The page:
A group of scientists have produced two of the brightest, sharpest x-ray holograms of microscopic objects ever made. Working at both the Advanced Light Source (ALS) at the U.S. Department of Energy’s Lawrence Berkeley National Laboratory, and at FLASH, the free-electron laser in Hamburg, Germany, this group is boasting a method that is thousands of times more efficient than previous x-ray holographic methods.
Inspired by an ancient technique known as the pinhole camera, the x-ray hologram (made at ALS beamline 9.0.1) was of Leonardo da Vinci’s “Vitruvian Man.” This lithographic reproduction of less than two micrometers (millionths of a meter) square, was etched with an electron-beam nanowriter. The hologram required a five-second exposure and had a resolution of 50 nanometers (billionths of a meter).
The other hologram, made at FLASH, was of a single bacterium, Spiroplasma milliferum, made at 150-nanometer resolution and computer-refined to 75 nanometers, but requiring an exposure to the beam of just 15 femtoseconds (quadrillionths of a second).
The values for these two holograms are among the best ever reported for micron-sized objects. With already established technologies, resolutions obtained by these methods could be pushed to only a few nanometers, or, using computer refinement, even better.
Holography was invented over 60 years ago by the physicist Dennis Gabor, but its use has long been limited by technology. Whereas a pinhole camera employs ray optics, in which the photons travel like a stream of particles, holography depends on the wave-like properties of light.
The principle is straightforward: a beam of light illuminates an object, which scatters the light onto a detector such as a photographic plate, while a second, identical beam of light shines directly on the detector. The scattered light waves from the object beam form interference patterns with the unscattered light waves from the reference beam.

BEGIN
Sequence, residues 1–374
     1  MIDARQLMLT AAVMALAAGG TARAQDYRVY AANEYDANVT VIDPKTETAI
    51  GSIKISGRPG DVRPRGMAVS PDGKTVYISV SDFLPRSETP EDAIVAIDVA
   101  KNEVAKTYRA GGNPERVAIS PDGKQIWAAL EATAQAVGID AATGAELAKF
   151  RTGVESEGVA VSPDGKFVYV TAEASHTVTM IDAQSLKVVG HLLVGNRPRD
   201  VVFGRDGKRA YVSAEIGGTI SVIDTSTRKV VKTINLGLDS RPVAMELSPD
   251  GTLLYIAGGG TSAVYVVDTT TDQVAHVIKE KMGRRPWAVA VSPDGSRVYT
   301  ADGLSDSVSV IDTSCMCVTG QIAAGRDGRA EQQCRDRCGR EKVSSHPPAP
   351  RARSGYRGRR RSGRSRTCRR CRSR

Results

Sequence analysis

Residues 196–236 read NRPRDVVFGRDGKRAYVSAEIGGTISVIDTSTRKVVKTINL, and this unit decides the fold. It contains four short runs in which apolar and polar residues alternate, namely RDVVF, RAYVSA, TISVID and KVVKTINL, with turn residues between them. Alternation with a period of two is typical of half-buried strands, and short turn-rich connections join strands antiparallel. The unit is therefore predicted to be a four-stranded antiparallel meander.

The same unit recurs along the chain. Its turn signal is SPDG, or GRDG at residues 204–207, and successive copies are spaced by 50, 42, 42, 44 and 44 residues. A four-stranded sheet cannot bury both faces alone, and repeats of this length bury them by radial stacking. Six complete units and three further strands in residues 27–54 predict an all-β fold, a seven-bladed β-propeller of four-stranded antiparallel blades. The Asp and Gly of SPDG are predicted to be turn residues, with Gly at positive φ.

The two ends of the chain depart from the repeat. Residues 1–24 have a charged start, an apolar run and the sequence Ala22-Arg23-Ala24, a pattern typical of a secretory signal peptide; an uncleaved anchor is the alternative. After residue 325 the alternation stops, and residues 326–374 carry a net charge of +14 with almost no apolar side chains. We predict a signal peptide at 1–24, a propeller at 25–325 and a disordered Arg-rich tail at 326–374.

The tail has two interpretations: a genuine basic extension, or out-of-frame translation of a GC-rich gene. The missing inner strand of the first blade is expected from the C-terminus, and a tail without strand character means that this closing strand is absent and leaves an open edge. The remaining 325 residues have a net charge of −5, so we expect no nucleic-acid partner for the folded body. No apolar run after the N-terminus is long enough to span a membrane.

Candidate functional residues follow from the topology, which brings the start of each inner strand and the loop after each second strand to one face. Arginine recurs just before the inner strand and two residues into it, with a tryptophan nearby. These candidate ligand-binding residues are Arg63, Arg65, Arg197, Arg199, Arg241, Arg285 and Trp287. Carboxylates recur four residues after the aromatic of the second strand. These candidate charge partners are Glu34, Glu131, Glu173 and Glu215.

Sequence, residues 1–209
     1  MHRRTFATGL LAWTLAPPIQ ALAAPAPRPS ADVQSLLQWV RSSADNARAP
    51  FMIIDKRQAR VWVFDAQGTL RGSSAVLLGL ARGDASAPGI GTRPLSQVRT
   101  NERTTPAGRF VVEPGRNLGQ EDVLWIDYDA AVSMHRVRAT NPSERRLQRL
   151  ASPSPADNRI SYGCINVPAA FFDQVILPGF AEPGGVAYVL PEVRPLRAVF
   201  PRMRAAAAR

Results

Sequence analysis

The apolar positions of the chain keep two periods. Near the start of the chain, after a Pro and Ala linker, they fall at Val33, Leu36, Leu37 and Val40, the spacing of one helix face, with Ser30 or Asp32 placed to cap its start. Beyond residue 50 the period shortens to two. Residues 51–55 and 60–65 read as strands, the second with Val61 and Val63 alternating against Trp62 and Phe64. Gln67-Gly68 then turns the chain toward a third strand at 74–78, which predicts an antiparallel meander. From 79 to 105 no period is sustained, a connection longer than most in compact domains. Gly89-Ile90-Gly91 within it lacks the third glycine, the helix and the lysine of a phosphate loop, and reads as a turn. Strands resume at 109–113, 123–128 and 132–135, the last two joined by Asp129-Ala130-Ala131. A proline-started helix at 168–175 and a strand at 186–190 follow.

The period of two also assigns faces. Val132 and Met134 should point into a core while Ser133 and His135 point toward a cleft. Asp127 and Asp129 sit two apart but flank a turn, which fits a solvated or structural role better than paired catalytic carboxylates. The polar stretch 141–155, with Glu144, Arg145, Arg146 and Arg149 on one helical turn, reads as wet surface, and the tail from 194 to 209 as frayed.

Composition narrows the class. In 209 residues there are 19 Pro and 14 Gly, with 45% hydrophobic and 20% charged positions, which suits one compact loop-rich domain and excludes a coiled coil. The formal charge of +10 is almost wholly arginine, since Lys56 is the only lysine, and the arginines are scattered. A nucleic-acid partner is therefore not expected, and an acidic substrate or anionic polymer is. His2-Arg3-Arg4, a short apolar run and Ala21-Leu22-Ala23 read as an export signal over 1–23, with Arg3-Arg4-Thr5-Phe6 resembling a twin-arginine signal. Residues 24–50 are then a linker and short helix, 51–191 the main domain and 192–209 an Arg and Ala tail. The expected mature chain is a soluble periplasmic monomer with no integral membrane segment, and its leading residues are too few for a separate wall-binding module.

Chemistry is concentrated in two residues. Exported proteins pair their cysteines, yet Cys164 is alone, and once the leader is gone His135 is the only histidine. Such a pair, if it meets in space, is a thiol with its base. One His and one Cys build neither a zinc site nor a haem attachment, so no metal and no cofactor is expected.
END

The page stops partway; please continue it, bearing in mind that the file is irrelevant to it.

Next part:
This interference pattern serves to reconstruct an image of the object. One easy way to do so, if the detector is a photo transparency, is for the observer to look through the transparency in the direction of the (now absent) object; if only the reference beam is shining on the detector, the interference pattern serves to “unscatter” (diffract) the wavefront and reconstruct the object’s image.
Lasers, which produce coherent light, were the first invention that made holography practical; it is now possible to make small holograms using just a laser pointer. FLASH is a powerful free-electron laser (FEL); a new generation of FELs of much shorter wavelength will be capable of producing coherent light pulses so short they’ll be able to freeze atomic motion in the midst of chemical reactions.
Soft x-rays like those from ALS beamline 9.0.1 can also be made coherent, or laser-like, using a pair of pinholes. (The beam is conditioned by these pinholes, but they are not directly involved in imaging, except to make the beam laser-like.) To make a hologram, the beam issuing from the synchrotron scatters from the target object and is collected on a CCD detector. Meanwhile, the same beam simultaneously passes through the multiple-“pinhole” URA, mounted on the same plate as the target object, and produces a bright reference beam.
The scattered image of the object and the many overlapping reference beams from the URA combine to make an interference pattern which contains all the information, including the relative depth of individual features, needed to mathematically reconstruct a three-dimensional image of the object.
The hologram of the Spiroplasma bacterium was made in precisely the same way, with much brighter x-ray beams and a much shorter pulse of light. So bright was the flash of light that the sample was vaporized, but not before both the scattered object beam and the reference beams from the URA had been recorded.
Together, the two experiments demonstrate that holographic x-ray images with nanometer-scale resolution can be made of objects measured in microns, in times as brief as femtoseconds. Moreover, sample preparation time is fast and easily repeated for high throughput during repetitive experiments.
Citation: "Massively parallel x-ray holography," by Stefano Marchesini, Sébastien Boutet, Anne E. Sakdinawat, Michael J. Bogan, Sǎsa Bajt, Anton Barty, Henry N. Chapman, Matthias Frank, Stefan P. Hau-Riege, Abraham Szöke, Congwu Cui, David Shapiro, Malcolm Howells, John Spence, Joshua Shaevitz, Joanna Lee, Janos Hajdu, and Marvin M. Siebert, appears in advanced online publication of Nature Photonics and is available online to subscribers at http://dx.doi.org/10.1038/nphoton.2008.154 .